Developing a reasonable attitude to classroom discipline is a challenge.
No one likes a tyrannical teacher, but being a passive, permissive doormat isn’t very effective. This balance is especially tricky for young teachers, and those who find it difficult to keep their emotions in check; events in the classroom sometimes don’t go as planned, and there’s always the risk of an unguarded moment when you inadvertently compromise your relationship with your students by lashing out.
One thing to bear in mind, when we consider student mis-behavior, is that it’s seldom meant to be a personal insult. It is, however, a reflection of an underlying causation, and at the risk of being reducing a complex problem to a very simple substrate, I’m going to boil it down like this:
Most discipline problems result from boredom.
There, I said it. The comments section is there if you’d like to argue your own view. Know in advance however, that I deny the existence of ‘bad’ or ‘naughty’ students, or those who ‘cannot be taught’. With the exception of people who are dealing with social disorders and the like, everyone can be taught. They just need the right environment, cohort and materials, and they need their teacher to engage with them in a way that brings out their best.
Defining the Problem
We need certain things from our students in order for the class to function properly. Our aim is language acquisition, and this depends on clear, concise teaching of the relevant material, and well-organized, effective practice. To create this delicate environment requires our students to agree to do the following:
- Pay attention
- Work together harmoniously
- Follow the class rules, including suspending the use of their own first language (L1)
That’s pretty much all we need. Achieving this isn’t about control - at least, in a perfect world, it wouldn’t be - but instead, it’s about creating that environment through consent and the subtle shaping of behavior.
Dealing with the Problem: An Incremental Approach
Gaining this kind of consent is an exercise in using your personality and classroom methods to get your students on board. They must understand why you need them to behave a certain way, and recognize that it’s for their benefit. For this reason, I tend to advocate a gradual, tiered response to discipline problems which guards against over-reaction and, instead, tries to build the students’ consent and participation.
6 Steps for Balancing Praise and Discipline in the ESL Classroom
Step One: A Reminder of the Rules
Only in recent years have I asked my students to sign a kind of ‘contract’ at the beginning of a semester, and I truly wish I’d thought of it earlier. I articulate very clearly the expectations I have of them, and the work they can expect of me. Everyone signs it, and doing so seems to create a stronger bond among the class, as though they’ve undertaken a communal challenge and will be loath to let each other down. There’s also a usefully formal sense to doing this; I produce the contract in the form of a legal document, so it feels binding and authoritative.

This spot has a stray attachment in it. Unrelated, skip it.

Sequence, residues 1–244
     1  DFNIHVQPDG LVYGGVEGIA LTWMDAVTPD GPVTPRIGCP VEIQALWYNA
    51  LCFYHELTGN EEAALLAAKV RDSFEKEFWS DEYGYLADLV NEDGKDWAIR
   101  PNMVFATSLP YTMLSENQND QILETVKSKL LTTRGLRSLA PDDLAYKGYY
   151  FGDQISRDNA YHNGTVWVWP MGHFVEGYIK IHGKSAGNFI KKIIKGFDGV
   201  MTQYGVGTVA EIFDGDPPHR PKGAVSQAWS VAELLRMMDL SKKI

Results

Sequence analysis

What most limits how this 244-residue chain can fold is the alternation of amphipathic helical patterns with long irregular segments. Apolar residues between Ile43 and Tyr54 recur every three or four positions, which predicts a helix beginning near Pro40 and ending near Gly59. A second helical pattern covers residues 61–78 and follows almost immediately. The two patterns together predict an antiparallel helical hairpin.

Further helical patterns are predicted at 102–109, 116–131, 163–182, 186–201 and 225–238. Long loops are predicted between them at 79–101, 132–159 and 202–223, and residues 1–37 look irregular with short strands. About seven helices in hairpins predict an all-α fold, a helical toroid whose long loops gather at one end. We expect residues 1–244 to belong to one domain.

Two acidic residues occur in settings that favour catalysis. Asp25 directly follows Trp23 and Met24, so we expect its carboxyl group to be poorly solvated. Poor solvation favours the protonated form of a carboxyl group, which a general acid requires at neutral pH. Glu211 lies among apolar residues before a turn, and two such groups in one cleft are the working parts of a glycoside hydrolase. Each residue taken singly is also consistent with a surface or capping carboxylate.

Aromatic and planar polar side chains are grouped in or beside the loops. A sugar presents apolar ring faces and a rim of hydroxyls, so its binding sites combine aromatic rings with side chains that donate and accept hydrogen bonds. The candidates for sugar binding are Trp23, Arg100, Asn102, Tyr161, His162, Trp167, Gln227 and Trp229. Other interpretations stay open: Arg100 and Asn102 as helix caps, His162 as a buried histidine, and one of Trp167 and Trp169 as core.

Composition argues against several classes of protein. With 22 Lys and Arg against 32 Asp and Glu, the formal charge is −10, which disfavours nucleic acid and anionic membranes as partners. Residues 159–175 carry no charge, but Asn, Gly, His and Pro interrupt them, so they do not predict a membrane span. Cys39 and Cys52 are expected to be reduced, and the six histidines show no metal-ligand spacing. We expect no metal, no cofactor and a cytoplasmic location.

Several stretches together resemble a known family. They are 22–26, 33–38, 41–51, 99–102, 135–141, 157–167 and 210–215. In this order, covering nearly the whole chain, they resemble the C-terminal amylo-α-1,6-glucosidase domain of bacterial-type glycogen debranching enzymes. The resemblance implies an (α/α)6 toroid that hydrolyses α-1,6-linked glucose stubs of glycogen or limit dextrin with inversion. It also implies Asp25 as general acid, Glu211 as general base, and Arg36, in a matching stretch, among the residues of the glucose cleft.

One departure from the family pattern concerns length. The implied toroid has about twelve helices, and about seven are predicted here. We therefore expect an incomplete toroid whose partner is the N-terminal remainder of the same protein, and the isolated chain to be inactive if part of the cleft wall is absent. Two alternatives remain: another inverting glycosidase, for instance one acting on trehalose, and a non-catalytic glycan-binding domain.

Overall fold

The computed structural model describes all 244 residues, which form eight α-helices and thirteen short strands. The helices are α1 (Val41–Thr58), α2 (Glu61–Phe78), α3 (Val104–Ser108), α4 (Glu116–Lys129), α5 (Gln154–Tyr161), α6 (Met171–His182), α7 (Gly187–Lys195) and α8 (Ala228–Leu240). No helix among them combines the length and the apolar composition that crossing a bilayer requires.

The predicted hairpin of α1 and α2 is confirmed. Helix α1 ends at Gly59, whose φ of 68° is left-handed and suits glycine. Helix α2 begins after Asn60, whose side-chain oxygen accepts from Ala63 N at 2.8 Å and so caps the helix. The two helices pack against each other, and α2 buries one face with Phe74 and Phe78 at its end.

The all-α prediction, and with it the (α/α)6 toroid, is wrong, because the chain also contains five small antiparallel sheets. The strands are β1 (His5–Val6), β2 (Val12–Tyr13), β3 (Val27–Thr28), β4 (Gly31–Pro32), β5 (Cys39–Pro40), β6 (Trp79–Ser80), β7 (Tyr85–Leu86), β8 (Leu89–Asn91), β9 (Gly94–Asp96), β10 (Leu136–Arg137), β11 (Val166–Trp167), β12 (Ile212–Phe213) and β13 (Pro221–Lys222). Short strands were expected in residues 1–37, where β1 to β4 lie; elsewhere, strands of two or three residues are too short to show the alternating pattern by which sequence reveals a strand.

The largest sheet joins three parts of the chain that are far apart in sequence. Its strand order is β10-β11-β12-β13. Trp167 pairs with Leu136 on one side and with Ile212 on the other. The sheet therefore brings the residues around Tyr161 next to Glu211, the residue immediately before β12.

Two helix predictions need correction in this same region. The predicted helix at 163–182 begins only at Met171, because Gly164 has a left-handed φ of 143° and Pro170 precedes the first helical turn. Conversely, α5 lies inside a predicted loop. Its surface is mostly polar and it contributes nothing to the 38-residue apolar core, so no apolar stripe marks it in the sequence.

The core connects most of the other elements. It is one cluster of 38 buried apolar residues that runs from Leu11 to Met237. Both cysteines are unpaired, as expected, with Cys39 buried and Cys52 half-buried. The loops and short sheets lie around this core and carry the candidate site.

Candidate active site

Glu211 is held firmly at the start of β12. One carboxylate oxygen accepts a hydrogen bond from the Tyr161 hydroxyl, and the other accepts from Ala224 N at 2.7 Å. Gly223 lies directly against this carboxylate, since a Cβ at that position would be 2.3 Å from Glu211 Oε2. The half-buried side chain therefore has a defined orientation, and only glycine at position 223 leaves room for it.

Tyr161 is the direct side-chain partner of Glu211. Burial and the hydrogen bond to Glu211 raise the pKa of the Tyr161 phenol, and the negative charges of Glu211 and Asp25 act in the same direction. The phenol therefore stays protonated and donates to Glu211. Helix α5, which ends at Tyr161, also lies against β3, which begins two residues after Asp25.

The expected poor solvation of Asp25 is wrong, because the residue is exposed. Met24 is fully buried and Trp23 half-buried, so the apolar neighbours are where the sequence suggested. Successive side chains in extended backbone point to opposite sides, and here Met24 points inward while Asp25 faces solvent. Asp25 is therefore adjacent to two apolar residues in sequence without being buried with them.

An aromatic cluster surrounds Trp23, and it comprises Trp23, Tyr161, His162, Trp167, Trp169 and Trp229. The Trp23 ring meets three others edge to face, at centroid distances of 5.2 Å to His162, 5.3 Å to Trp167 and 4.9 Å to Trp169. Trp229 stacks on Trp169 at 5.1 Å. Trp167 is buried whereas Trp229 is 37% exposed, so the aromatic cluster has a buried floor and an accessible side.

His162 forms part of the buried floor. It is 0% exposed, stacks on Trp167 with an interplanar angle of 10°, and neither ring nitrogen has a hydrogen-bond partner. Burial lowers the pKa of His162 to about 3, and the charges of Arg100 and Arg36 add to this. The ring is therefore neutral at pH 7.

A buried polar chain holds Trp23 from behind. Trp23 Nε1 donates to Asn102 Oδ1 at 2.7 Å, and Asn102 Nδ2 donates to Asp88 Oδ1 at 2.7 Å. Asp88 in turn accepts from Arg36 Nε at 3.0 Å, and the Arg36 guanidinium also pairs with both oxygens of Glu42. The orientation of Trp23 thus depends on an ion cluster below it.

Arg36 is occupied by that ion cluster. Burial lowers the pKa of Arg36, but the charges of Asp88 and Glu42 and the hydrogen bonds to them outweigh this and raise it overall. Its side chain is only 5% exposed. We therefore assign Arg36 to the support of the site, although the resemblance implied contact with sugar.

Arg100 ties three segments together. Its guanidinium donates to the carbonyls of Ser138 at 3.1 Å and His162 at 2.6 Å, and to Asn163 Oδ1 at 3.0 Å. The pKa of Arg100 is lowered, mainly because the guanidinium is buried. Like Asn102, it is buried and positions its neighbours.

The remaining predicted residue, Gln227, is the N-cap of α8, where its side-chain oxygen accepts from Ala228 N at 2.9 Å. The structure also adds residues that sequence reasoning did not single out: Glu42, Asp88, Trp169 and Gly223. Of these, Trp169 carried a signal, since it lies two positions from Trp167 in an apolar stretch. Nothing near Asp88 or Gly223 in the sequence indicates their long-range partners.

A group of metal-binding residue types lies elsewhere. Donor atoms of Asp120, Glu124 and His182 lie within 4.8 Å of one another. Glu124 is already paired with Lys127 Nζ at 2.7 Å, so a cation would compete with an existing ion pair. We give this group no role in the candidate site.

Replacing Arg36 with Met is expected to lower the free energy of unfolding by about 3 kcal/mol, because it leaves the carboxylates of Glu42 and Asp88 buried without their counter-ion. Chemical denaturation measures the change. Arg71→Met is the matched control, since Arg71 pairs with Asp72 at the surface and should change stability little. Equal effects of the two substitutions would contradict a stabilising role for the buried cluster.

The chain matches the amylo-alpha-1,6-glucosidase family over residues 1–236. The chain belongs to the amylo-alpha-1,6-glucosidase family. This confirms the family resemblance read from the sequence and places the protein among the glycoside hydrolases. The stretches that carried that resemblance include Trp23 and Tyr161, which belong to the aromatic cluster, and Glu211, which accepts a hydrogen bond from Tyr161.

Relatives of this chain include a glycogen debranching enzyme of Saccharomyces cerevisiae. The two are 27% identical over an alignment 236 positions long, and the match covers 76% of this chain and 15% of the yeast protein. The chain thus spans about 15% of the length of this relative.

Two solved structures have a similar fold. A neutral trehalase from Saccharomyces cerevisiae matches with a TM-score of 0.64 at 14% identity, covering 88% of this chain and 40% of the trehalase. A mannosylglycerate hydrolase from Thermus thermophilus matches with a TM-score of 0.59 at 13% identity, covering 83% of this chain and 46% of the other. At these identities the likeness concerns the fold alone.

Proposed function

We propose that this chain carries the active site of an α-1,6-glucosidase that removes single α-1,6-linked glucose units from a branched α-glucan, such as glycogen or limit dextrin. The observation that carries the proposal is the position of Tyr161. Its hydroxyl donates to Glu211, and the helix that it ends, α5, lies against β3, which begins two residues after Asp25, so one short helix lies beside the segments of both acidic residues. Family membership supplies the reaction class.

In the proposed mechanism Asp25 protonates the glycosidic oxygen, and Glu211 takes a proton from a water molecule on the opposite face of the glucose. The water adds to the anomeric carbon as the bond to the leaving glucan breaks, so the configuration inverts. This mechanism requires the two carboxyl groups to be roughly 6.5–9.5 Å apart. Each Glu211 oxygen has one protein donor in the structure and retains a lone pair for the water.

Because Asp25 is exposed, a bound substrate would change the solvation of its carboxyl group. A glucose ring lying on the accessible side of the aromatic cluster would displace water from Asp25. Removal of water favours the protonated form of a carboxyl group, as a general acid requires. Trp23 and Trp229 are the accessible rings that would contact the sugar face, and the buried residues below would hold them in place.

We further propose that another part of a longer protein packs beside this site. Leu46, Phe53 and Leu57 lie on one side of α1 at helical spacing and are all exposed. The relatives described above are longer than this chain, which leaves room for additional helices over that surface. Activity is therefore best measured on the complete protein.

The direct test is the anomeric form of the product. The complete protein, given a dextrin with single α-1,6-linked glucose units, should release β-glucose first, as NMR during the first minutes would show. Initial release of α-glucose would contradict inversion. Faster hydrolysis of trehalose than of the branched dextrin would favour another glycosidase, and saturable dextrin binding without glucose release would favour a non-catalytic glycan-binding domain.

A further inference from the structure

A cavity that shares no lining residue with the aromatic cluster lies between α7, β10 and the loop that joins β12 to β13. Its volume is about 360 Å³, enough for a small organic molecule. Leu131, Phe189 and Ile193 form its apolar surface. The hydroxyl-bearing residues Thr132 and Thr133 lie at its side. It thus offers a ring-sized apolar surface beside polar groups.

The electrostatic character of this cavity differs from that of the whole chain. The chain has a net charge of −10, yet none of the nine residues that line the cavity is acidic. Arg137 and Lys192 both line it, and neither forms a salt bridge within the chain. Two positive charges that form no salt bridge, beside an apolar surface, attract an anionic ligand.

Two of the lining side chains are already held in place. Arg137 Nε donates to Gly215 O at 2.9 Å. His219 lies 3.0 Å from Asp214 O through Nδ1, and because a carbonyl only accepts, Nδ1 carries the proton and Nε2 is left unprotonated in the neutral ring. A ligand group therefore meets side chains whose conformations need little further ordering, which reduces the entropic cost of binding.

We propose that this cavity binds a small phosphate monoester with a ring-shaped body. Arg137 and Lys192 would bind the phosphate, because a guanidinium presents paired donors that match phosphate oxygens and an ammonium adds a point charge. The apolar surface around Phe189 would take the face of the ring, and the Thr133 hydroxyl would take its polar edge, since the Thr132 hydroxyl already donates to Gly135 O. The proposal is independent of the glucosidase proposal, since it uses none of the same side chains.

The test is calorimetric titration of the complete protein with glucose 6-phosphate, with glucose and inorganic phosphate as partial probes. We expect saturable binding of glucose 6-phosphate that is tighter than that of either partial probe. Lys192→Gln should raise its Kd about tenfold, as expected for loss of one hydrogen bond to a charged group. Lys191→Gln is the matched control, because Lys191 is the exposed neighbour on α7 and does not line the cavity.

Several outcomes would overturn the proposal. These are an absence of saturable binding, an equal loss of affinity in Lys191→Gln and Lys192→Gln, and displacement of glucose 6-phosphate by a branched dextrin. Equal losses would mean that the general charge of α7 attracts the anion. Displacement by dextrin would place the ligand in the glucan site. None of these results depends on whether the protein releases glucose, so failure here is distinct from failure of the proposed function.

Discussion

If someone breaks a rule - using their first language (L1), interrupting a speaker, or becoming distracted by their phone - I simply have to point to the contract on the wall. It’s a powerful tool, and I can’t recommend it highly enough.
Step Two: Explain The Problem
Rules enforced arbitrarily are confusing and unfair. A population, or a class, which understands which the rule is important are much more likely to ‘buy in’ to it. Here’s a genuine exchange from my classroom which demonstrates how I do this:
Teacher: (Cups his ear) Wait a minute. I’m hearing Spanish from somewhere. Students: (Looking at each other) Teacher: And I think I know where. (Walks slowly to Jorge’s desk) Can you help me in my investigation? Jorge: Hmm? Maria: He thinks you were speaking Spanish. Jorge: Oh. Teacher: Oh? Well, Jorge, we signed a contract on this, right? (Gestures to the contract) Jorge: Yes. I know is important. Teacher: Good. Tell me why it’s important, Jorge. Jorge: Because… Is an English class. Teacher: It is? Oh, great! I’m in the right classroom. Class: (Laughing) Teacher: What else? Jorge: Because Spanish is lazy. Maria: Speaking Spanish is lazy. Teacher: Something like that. Here’s what I think: you already speak Spanish pretty well, right? Upper-intermediate? Maybe better than that? Students: (Laughing) Jorge: Native! Teacher: Then, you don’t need to practice it, do you? Jorge: No. Is already perfect. Teacher: When your English is perfect, then you can speak Spanish in my classroom. Deal? Jorge: Deal (shakes hands). ***
Step Three: Incentivize Good Behaviors
Moving away from L1 and bedding in your other class rules can take time, and will be difficult for some students, especially younger or lower-level learners. After all, you’re asking for a major effort and the leaving behind of that which is familiar and comfortable. So, with elementary classes (especially mono-lingual classes of Asian learners, who - just in my own experience - tend to find this more difficult than others) I offer incentives for groups, tables, or individuals I hear use not one word of L1 throughout a class, a week or a whole semester. These vary from the offer of a field trip, entry into a raffle, the promise of a DVD, and (of course) candy.